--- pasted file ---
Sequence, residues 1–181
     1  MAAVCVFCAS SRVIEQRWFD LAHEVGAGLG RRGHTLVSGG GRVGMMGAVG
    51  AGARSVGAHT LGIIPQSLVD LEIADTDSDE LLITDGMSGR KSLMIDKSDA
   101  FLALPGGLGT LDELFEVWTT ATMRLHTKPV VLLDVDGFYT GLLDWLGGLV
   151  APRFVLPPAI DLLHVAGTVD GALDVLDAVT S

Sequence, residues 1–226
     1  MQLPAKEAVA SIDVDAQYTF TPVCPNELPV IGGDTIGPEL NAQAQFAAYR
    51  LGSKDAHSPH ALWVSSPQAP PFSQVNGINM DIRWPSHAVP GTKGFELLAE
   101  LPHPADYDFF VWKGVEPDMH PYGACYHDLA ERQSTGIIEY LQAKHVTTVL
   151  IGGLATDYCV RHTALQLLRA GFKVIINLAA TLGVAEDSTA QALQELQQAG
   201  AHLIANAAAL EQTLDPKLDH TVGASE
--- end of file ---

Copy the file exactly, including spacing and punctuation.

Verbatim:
Sequence, residues 1–181
     1  MAAVCVFCAS SRVIEQRWFD LAHEVGAGLG RRGHTLVSGG GRVGMMGAVG
    51  AGARSVGAHT LGIIPQSLVD LEIADTDSDE LLITDGMSGR KSLMIDKSDA
   101  FLALPGGLGT LDELFEVWTT ATMRLHTKPV VLLDVDGFYT GLLDWLGGLV
   151  APRFVLPPAI DLLHVAGTVD GALDVLDAVT S

Sequence, residues 1–226
     1  MQLPAKEAVA SIDVDAQYTF TPVCPNELPV IGGDTIGPEL NAQAQFAAYR
    51  LGSKDAHSPH ALWVSSPQAP PFSQVNGINM DIRWPSHAVP GTKGFELLAE
   101  LPHPADYDFF VWKGVEPDMH PYGACYHDLA ERQSTGIIEY LQAKHVTTVL
   151  IGGLATDYCV RHTALQLLRA GFKVIINLAA TLGVAEDSTA QALQELQQAG
   201  AHLIANAAAL EQTLDPKLDH TVGASE